Some of the common protocols used in IIoT architecture include:

  • Advanced Message Queueing Protocol (AMQP): It is a connection-led, bidirectional, multiplexing, compact data-encoding message transport protocol. AMQP, unlike HTTP, was built for IIoT-oriented cloud connectivity.
  • MQ Telemetry Transport (MQTT): This is a compact client-server message transport protocol. MQTT benefits IIoT devices because of its short message frame sizes and minimal code space.
  • Constrained Application Protocol (CoAP): This is a datagram-led protocol that may be deployed via a transport layer, including user datagram protocol (UDP). CoAP is a condensed version of HTTP developed for IIoT requirements.

6. IIoT platforms

IIoT systems are now capable of orchestrating, monitoring, and controlling operations throughout the whole value chain. The platforms control the device data and manage the analytics, data visualization, and artificial intelligence (AI) duties from the edge devices and, in certain cases, the sensors right through to the cloud and back.

The industrial internet reference architecture (IIRA) may serve as a reference for developing sophisticated systems in the IIoT domain. In general, the IIRA’s frameworks advocate that businesses design a framework using a systematic approach, which includes feedback and iterations. In addition, the report suggests customizing IIoT designs for a particular business sector, such as energy, healthcare, transportation, and governmental use.

See More: Top 10 Applications of IoT in 2022

Benefits of IIoT

Benefits of IIoT

Benefits of IIoT

Industrial IoT offers the following benefits:

1. Boosts efficiency

The biggest benefit of IIoT is its ability to help enterprises automate and thereby maximize operational efficiency. In addition, physical equipment may be linked to software solutions through sensors that continuously monitor performance. This provides enterprises with a greater understanding of the operational efficiency of specific pieces of equipment and whole fleets. Additionally, IIoT enables data-driven decisions and remote monitoring of all production processes.

2. Increases production

By boosting equipment usage, organizations with IoT-enabled manufacturing processes are likely to increase their productivity. As previously mentioned, networked devices deliver a continuous stream of data that offers insights into equipment operation. This allows you to increase the total equipment effectiveness, maximizing machine performance during their operational time. Additionally, using IIoT devices improves human capital usage. Smart devices can be utilized to perform menial, repetitive, and hazardous activities, thereby freeing employees for other, more strategic production-related jobs.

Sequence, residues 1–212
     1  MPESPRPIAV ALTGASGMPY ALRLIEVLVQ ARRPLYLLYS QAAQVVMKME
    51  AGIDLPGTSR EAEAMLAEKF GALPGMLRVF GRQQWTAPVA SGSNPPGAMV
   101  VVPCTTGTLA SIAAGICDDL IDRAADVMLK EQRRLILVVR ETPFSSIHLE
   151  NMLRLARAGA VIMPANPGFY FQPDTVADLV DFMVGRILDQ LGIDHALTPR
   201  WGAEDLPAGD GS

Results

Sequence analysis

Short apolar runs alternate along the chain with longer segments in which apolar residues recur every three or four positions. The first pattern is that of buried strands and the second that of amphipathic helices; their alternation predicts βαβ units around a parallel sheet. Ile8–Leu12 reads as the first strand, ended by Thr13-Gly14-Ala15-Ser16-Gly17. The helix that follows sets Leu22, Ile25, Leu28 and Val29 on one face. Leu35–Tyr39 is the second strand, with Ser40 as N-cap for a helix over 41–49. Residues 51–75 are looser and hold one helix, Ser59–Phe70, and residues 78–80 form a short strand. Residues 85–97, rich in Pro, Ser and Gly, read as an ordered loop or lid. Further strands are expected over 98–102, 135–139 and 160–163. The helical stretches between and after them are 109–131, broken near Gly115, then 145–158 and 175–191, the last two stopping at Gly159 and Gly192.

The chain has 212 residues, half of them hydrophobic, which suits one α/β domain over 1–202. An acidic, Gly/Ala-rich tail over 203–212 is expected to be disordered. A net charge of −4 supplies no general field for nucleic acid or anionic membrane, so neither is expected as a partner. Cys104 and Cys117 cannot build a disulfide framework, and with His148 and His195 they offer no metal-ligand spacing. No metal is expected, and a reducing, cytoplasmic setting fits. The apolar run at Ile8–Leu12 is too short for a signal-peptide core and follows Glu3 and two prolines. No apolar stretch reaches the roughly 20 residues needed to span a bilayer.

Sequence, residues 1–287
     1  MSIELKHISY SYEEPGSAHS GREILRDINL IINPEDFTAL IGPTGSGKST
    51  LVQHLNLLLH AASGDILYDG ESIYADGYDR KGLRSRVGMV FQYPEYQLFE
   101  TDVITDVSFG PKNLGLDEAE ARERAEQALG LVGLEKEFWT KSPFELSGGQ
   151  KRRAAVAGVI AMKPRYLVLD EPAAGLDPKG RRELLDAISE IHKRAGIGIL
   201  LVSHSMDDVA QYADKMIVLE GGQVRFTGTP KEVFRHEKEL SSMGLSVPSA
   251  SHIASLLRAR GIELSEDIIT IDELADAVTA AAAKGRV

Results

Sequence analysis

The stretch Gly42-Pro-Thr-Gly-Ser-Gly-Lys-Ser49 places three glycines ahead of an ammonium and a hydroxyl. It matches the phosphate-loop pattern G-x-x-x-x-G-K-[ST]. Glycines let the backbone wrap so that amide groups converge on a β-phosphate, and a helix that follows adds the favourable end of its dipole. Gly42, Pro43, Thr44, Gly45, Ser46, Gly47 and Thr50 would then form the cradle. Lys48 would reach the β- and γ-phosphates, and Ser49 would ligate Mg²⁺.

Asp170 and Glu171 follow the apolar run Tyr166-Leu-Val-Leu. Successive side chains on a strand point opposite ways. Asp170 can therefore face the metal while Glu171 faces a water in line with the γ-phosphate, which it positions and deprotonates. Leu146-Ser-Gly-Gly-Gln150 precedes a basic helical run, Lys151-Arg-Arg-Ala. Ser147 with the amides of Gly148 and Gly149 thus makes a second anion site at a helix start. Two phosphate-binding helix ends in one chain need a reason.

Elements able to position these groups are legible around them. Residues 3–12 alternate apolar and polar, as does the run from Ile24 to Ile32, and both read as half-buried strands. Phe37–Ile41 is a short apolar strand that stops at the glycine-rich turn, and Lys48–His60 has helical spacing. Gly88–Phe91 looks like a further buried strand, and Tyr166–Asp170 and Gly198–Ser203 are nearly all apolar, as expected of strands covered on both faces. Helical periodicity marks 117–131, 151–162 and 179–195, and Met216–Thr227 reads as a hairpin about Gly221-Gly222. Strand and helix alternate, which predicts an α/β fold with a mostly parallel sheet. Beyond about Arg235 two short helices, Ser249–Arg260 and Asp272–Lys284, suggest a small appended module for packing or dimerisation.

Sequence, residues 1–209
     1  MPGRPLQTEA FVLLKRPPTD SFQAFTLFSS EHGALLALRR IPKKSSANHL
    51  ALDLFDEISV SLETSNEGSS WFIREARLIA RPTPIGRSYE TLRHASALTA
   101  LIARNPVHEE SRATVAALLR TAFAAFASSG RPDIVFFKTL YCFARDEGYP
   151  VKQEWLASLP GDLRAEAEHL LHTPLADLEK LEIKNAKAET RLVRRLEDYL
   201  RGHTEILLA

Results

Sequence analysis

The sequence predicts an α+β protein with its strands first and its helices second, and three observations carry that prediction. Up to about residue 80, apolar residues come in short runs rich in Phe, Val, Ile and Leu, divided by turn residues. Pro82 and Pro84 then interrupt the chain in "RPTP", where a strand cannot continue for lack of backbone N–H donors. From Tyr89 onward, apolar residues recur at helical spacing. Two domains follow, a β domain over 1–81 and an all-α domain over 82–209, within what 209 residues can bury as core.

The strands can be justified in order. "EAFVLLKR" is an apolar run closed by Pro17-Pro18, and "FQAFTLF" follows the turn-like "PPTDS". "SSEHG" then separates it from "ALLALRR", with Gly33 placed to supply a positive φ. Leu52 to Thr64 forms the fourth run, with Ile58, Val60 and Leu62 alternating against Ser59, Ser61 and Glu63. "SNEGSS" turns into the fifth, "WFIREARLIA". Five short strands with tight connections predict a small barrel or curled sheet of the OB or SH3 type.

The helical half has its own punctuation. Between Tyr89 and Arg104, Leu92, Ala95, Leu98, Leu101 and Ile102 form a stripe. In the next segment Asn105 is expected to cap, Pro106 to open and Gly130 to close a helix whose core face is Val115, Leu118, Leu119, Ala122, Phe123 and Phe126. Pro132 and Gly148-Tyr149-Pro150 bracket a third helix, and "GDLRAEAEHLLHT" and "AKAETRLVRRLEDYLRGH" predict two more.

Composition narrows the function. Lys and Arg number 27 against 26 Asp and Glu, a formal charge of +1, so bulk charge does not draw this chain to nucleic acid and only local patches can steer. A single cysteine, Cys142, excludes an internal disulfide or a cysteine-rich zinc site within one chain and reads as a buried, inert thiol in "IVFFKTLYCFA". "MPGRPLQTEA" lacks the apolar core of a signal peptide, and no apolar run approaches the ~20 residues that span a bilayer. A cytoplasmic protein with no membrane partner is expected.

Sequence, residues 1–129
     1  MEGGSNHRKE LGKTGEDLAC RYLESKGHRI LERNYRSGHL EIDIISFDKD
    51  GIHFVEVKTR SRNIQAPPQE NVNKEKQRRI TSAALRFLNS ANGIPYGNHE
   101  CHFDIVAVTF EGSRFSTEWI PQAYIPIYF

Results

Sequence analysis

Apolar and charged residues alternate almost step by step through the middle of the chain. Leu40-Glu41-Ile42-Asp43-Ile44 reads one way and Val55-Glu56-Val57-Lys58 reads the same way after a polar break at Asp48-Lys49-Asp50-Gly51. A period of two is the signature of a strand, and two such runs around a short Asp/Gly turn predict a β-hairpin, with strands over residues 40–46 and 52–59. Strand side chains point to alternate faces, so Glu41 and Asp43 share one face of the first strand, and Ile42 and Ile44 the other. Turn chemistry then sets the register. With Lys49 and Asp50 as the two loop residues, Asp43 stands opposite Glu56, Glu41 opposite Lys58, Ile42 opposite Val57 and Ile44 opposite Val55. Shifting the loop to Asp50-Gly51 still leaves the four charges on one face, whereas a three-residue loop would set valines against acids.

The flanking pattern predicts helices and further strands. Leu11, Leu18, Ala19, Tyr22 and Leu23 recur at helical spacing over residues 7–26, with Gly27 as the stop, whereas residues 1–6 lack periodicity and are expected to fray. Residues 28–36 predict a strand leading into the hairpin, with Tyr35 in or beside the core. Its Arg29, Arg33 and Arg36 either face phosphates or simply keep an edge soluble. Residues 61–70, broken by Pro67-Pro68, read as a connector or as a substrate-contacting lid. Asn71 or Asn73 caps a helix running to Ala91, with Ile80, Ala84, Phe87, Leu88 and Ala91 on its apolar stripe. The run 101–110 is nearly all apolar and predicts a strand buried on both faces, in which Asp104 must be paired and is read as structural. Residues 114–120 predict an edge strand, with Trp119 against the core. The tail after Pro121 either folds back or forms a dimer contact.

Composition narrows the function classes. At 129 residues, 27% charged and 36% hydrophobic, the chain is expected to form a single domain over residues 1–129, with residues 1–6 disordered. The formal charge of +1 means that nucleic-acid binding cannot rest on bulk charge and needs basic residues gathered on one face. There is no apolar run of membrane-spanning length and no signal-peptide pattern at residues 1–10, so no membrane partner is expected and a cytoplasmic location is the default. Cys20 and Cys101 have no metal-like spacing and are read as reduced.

3. Reduces errors

The use of IIoT compels organizations to automate production operations. Eliminating the human element from industrial operations removes inefficiencies that would result in defective products exiting the assembly line. With fewer quality flaws, the company’s profitability increases due to improved customer satisfaction and brand recognition.

See More: What Is IoT Device Management? Definition, Key Features, and Software

4. Predicts maintenance needs

Predictive maintenance is a strategy for avoiding asset failure via the analysis of production data to discover patterns and forecast impending problems. 

Incorporating IIoT sensors into industrial equipment allows notifications for condition-based management. These sensors record the temperature, humidity, and other ambient variables in the working area, as well as the composition of the materials and the impact that transportation factors have had or may have on the shipment. All of this data is useful for predictive maintenance. Consequently, you may avoid asset failure, decrease expenses, and minimize machine downtime.

5. Keeps workers safe

Smart manufacturing enables greater security, with all IIoT sensors collaborating to monitor employee and workplace safety. Integrated safety systems may safeguard work floors, production lines, and personnel. In the event of an accident, the whole facility may be notified, activities can be halted, and senior management can intercede to address the situation. This incident may also yield useful information that can be used to avoid future occurrences.

6. Saves energy costs